35. The Government submitted further that the applicant company had also failed to give the judge in question, or the court she belonged to, the opportunity to respond to the accusations. Proper journalistic conduct would have required the author to give the judge or the court concerned, the latter through its spokesperson who communicated regularly with the media, an opportunity to comment. This had been all the more necessary given that the author of the article had not attended the trial at which the judgment which he had so vehemently criticised had been issued, but had merely informed himself by studying the case file. When weighing the right to freedom of expression on the one hand against the protection of the reputation and impartiality of the judiciary on the other hand, the Austrian courts had in the present case explained, in a sufficient and relevant manner and following the case-law of the Court on this matter, why the protection of the reputation and independence of the judiciary had to be given precedence.

2. The Court's assessment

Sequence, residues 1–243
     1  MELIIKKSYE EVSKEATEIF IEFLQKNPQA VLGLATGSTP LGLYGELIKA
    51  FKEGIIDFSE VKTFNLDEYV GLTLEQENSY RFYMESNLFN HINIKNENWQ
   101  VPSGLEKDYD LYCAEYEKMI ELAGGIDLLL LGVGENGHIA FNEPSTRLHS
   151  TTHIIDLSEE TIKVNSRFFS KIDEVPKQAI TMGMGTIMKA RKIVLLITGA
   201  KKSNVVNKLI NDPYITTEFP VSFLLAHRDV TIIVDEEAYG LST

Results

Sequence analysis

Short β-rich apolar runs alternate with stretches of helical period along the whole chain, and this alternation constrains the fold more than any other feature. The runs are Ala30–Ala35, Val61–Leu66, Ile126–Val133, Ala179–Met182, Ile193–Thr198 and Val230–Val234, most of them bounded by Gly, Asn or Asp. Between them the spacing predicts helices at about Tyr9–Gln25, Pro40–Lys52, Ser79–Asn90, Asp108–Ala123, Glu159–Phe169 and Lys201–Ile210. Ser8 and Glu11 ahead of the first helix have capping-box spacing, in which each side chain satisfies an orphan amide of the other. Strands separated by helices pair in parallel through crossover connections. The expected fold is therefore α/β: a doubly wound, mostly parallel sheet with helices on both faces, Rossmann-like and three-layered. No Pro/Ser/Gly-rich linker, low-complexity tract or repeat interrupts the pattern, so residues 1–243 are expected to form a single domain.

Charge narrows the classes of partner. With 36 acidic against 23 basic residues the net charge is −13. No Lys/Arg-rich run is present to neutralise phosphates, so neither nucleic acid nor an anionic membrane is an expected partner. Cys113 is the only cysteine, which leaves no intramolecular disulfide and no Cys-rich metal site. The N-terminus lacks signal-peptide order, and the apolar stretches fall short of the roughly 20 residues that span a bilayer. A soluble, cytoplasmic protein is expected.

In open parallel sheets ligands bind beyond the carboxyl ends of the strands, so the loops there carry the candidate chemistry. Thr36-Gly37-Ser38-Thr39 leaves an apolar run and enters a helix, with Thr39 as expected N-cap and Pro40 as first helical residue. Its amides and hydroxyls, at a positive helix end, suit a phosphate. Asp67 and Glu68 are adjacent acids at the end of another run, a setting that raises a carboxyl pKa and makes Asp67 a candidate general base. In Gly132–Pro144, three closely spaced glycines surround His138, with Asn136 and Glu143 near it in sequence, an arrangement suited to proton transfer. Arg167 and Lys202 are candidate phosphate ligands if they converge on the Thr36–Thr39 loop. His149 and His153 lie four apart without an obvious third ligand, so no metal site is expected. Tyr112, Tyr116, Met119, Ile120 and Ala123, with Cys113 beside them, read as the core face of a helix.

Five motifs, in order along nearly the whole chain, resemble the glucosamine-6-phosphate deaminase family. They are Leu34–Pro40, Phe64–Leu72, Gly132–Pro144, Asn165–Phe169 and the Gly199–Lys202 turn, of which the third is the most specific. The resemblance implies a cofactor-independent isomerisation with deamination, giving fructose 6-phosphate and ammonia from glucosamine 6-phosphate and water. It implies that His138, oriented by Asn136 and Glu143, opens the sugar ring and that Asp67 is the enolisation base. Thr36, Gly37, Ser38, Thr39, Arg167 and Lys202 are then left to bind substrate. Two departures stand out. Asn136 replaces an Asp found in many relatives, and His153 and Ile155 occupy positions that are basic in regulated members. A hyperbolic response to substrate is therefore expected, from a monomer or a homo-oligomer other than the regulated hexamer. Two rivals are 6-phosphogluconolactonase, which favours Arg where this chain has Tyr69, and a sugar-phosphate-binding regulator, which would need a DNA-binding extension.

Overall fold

(a) General principles

36. According to the Court's well-established case-law, the test of necessity in a democratic society requires the Court to determine whether the interference complained of corresponded to a "pressing social need", whether it was proportionate to the legitimate aim pursued and whether the reasons given by the national authorities to justify it are relevant and sufficient (see The Sunday Times v. the United Kingdom (no. 1), 26 April 1979, § 62, Series A no. 30). In assessing whether such a need exists and what measures should be adopted to deal with it, the national authorities are left a certain margin of appreciation (see Bladet Tromsø and Stensaas v. Norway [GC], no. 21980/93, § 58, ECHR 1999-III).

37. An important factor for the Court's determination is the essential function of the press in a democratic society. Although the press must not overstep certain bounds, in particular in respect of the reputation and rights of others or of the proper administration of justice, its duty is nevertheless to impart - in a manner consistent with its obligations and responsibilities - information and ideas on all matters of public interest (see Bladet Tromsø and Stensaas, cited above, § 59, and as a recent authority, Flinkkilä and Others v. Finland, no. 25576/04, § 73, 6 April 2010). By reason of the "duties and responsibilities" inherent in the exercise of the freedom of expression, the safeguard afforded by Article 10 to journalists in relation to reporting on issues of general interest is subject to the proviso that they are acting in good faith and on an accurate factual basis and provide reliable and precise information in accordance with journalistic ethics (see Fressoz and Roire v. France [GC], no. 29183/95, § 54, ECHR 1999-I and, as a recent authority, Eerikäinen and Others v. Finland, no. 3514/02, § 60, 10 February 2009).